Tag Archives: RE

Repeat Offenders

Repeat Offenders

Repeat Offenders

In line with Dana Greene

about Repeat Offenders in the Encyclopedia of Law Enforcement:

Researchers agree that a significant percentage of crime is committed by a relatively small number of offenders who violate the law again and again, not necessarily getting caught each time but rather eventually and repeatedly. This well-substantiated finding informs criminal justice policy and practice in a variety of ways, particularly affecting law enforcement officers, who are on the front lines when it comes to preventing, investigating, and solving crime. The study of recidivism-the tendency to return to criminal behavior-is growing more nuanced and moving beyond the question of whether someone reoffends into how soon after initial or prior offense, and has begun to document specific behavior trends. Inquiry of this sort has been further expanded to include the issue of repeat victimization, a phenomenon in which the same target is repeatedly violated, as well as crime pattern analysis.

Response Time

Response Time

Response Time

In line with Matthew J. Giblin

about Response Time in the Encyclopedia of Law Enforcement:

Response time is a commonly used indicator of police effectiveness and efficiency often measured as the length of time between a citizen call for service and an on-scene response by police. A faster response is considered more desirable, increasing the likelihood of an on-scene or near-scene apprehension of an offender and preventing citizen dissatisfaction with police. Rapid response is strongly tied to the idea of random preventive patrol, because patrol cars randomly dispersed throughout any geographic area are in a better position to respond quickly to calls wherever they may occur. It is true that rapid response matters in some cases, particularly those in which the police are notified while the crime is in progress. However, research has shown that rapid response does not itself influence citizen satisfaction or increase the probability of arrest in most cases.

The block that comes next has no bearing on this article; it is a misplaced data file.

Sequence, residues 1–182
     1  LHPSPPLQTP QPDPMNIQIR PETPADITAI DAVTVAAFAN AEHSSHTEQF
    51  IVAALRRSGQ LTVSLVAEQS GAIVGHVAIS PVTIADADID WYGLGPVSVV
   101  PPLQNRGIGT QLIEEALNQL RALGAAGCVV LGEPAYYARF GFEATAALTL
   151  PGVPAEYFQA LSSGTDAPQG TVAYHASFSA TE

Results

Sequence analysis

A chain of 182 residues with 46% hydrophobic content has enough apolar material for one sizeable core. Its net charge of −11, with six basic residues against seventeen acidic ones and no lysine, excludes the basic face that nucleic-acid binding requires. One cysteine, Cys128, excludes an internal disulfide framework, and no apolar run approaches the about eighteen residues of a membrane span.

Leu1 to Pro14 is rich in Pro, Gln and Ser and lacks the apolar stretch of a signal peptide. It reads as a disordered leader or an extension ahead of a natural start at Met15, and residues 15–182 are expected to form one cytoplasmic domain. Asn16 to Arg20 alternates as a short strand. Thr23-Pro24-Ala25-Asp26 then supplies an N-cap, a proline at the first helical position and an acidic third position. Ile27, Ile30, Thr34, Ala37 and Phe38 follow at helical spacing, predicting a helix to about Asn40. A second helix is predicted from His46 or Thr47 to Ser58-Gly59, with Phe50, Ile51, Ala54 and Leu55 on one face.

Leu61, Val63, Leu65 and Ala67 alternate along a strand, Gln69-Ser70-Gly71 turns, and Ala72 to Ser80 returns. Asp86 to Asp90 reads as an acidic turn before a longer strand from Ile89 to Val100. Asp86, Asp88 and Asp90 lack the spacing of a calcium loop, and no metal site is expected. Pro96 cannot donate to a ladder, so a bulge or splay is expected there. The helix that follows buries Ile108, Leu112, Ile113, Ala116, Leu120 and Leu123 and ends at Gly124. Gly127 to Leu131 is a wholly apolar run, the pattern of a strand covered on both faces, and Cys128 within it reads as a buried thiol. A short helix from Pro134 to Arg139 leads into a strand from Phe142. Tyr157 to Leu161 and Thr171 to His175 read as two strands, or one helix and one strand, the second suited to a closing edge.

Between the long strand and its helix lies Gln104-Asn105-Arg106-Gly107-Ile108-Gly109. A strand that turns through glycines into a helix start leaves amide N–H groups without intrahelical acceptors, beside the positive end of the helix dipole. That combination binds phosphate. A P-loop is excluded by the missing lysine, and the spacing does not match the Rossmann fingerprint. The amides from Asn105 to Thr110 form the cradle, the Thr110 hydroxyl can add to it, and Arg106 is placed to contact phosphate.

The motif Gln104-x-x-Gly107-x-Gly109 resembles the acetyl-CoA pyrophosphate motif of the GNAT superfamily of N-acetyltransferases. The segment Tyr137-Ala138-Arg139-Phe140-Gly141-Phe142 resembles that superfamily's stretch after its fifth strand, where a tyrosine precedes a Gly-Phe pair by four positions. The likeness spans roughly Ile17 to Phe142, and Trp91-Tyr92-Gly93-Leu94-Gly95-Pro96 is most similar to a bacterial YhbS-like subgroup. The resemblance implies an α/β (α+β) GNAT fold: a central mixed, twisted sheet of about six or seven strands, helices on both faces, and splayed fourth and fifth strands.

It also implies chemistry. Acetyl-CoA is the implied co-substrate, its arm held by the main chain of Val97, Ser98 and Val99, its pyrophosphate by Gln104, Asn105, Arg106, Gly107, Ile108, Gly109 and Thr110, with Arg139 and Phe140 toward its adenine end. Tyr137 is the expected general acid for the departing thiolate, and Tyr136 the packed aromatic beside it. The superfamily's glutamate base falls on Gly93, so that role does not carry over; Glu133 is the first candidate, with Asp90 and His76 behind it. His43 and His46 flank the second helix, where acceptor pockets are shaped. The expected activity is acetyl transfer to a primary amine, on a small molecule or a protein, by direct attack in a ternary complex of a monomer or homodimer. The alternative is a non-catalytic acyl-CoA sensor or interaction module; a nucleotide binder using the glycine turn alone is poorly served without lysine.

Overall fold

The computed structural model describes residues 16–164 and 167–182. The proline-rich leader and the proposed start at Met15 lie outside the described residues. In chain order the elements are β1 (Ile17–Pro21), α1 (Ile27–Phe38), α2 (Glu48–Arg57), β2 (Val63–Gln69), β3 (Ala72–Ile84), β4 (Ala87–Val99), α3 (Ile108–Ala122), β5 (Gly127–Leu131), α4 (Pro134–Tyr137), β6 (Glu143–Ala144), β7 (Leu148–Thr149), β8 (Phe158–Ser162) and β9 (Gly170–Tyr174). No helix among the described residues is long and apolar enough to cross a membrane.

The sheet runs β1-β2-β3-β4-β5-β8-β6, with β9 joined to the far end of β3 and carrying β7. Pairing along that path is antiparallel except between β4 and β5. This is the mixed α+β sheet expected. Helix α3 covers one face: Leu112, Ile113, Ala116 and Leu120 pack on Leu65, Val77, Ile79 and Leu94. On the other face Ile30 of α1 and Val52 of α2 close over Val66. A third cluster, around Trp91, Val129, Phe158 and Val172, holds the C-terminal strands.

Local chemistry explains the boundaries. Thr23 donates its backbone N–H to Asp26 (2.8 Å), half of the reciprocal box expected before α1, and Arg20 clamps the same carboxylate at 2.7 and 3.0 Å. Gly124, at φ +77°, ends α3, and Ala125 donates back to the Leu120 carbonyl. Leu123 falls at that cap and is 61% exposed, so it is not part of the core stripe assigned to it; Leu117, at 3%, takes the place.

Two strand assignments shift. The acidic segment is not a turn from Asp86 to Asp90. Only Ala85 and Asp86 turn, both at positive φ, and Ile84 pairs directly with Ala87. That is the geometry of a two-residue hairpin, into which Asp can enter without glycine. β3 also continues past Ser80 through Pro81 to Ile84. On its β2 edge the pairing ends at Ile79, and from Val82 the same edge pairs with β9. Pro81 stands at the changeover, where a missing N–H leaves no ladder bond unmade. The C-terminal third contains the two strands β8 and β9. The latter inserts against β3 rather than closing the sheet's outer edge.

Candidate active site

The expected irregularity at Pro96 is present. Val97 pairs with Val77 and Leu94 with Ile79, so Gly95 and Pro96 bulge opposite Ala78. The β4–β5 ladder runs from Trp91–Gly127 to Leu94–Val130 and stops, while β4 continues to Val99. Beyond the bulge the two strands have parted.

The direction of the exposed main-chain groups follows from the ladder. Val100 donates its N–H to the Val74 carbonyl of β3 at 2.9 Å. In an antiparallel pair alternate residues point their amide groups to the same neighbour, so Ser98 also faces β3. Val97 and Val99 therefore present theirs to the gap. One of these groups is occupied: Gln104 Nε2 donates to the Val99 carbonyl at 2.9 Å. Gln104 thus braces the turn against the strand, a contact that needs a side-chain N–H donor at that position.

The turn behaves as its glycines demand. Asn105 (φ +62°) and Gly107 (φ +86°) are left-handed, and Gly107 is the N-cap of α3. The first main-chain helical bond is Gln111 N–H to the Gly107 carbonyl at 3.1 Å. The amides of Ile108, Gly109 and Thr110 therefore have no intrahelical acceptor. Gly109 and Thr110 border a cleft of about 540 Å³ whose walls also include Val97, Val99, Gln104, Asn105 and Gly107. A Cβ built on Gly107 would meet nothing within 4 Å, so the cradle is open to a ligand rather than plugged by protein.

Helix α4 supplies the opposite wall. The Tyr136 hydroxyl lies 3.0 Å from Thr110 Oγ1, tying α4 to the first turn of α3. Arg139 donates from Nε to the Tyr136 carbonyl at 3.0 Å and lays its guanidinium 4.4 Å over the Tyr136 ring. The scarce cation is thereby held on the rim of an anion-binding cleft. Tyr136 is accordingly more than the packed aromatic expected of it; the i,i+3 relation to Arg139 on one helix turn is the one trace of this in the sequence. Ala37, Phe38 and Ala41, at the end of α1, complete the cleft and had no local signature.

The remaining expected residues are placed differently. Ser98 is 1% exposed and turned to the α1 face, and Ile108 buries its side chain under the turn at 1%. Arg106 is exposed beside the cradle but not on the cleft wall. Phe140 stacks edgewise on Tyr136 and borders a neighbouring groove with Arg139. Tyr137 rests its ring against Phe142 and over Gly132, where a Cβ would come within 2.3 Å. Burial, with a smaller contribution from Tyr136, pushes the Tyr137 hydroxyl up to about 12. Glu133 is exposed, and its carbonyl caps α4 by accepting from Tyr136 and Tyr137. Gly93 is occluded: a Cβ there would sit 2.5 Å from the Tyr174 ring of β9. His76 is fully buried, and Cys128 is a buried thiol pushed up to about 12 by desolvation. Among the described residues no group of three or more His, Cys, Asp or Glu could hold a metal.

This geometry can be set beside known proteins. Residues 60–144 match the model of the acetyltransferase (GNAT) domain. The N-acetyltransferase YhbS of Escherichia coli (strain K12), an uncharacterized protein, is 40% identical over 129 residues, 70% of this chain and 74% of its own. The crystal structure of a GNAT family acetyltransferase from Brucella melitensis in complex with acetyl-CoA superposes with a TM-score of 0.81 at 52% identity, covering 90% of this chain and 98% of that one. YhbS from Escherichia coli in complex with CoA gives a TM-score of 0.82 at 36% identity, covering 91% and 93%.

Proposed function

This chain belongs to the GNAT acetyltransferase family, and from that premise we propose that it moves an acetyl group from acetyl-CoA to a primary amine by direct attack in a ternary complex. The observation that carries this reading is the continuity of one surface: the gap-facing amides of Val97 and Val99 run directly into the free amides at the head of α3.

Restorative Justice

Restorative Justice

Restorative Justice

In line with Todd R. Clear

about Restorative Justice in the Encyclopedia of Law Enforcement:

Restorative justice is an alternative paradigm for justice that contrasts with the traditional values and procedures of the criminal justice system. An immense variety of programs operate under the restorative mantle, and characterizing them with across-the-board language is insufficient. But for the most part, these programs differ from the traditional criminal justice system in many assumptions and practices, and they can best be defined by reference to those differences. Traditional criminal justice represents crime as a violation of the laws of the state. Criminal accusations are claims made by the state (through its prosecutors) that the criminal is guilty of a violation of the law, and thus is subject to penalties imposed by the state. Restorative justice sees crimes (there is more information about criminal law in the American Legal Encyclopedia and about crimes and criminals vocabulary) as problems or conflicts between people, one of whom is a wrongdoer and the other a victim.

Residency

Residency

Law Enforcement Residency Requirements

In line with Edith Linn

about Residency in the Encyclopedia of Law Enforcement:

Police residency requirements, which mandate that officers live within a specified geographic area, may be found in state statutes, state and local civil service rules, or departmental regulations. According to the 1991 International City Management Association Survey of Police Personnel Practices, 29% of American (United States) cities with populations over 10,000 have some form of residency policy. Eight percent had residency requirements for new appointees, 13% had such requirements for all officers, 5% required residency of officers hired after a specified date, and 10% required the police chief to reside locally. Among America's six largest police departments, polled in 2003, Philadelphia and Chicago require in-city residency, and Bigg Apple (New York), Detroit, Houston, and Los Angeles do not. Residency requirements generally fall into two categories. Durational residency entails a job aspi-rant's living in an area for a given length of time as a prerequisite for being hired.